It would be interesting if Bob McCulloch would publicly state his personal position on whether Officer Wilson committed a crime or if the shooting was justified.  By using the grand jury he has avoided answering this question.

    This article notes that “The traditional justifications for secrecy include preventing escape of investigation targets, preventing tampering with witnesses or grand jurors, encouraging free and open witness testimony and juror deliberations, and protecting the identities of targets who are exonerated after investigation but before indictment.”

    Two concerns in the Wilson grand jury were witness tampering and encouraging free and open witness testimony.  The secrecy of the grand jury proceedings protect the target from these actions.  Keeping the identity and content of witnesses secret protected the process.  Witnesses could not be pressured into testifying consistently with local popular opinion.  In other words a black resident of the housing at the scene who observed the conduct of Wilson and Brown contrary to the hands up don’t shoot theme would not be pressured to testify counter to their observations through pressure from other residents.  These witness are further protected by the secrecy of their identities.  Thus they were able to give free and open testimony concerning their observations free from community retaliation.  This allows those witnesses to testify knowing that they are protected.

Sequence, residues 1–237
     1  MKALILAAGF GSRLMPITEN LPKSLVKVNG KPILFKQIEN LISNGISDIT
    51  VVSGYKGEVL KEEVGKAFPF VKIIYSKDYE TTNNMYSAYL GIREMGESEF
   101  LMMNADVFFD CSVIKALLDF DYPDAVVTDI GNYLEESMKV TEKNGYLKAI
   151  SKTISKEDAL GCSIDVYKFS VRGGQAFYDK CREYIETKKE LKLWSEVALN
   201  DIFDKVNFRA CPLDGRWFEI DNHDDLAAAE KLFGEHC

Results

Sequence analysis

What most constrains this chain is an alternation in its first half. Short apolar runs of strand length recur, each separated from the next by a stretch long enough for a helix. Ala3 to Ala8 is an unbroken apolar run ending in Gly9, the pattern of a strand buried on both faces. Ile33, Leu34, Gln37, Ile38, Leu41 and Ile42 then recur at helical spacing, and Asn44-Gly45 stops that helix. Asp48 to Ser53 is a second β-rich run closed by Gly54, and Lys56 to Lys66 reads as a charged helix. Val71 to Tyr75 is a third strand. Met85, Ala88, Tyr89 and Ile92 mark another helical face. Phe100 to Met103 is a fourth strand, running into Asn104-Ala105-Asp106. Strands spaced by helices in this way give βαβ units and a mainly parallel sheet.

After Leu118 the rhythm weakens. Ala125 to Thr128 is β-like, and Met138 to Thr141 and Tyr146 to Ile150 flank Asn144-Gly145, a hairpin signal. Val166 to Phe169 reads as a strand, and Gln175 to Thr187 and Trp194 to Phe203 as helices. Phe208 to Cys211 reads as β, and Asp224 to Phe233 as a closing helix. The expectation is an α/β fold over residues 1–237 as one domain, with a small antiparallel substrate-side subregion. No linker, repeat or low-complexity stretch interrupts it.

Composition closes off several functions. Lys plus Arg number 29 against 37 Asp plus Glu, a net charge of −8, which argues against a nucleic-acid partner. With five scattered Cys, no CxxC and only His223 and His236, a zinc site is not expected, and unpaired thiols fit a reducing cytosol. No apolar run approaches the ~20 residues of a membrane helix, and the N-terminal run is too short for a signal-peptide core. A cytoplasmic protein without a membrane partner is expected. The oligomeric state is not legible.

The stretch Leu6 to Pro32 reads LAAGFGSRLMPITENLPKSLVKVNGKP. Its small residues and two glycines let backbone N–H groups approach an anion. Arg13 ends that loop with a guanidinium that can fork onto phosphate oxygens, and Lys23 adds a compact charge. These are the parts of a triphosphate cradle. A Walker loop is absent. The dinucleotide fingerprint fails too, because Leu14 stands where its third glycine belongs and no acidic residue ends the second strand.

Grand jurors may be called upon to make unpopular or controversial decisions based on the evidence and applicable law.  These decisions should protect both the public’s and the target’s interests.  To that end the grand jury system in California works.  The federal government and other states should look into adopting California’s Johnson Rule concerning exculpatory evidence.  Should the veil of secrecy of the process be removed in these cases?  Should individual grand juror’s positions and statements during deliberations be made public by another grand juror?  How would making this public impact future grand juries and their deliberations?  These are all issues that judges hearing the motions to release grand jury information will have to weigh.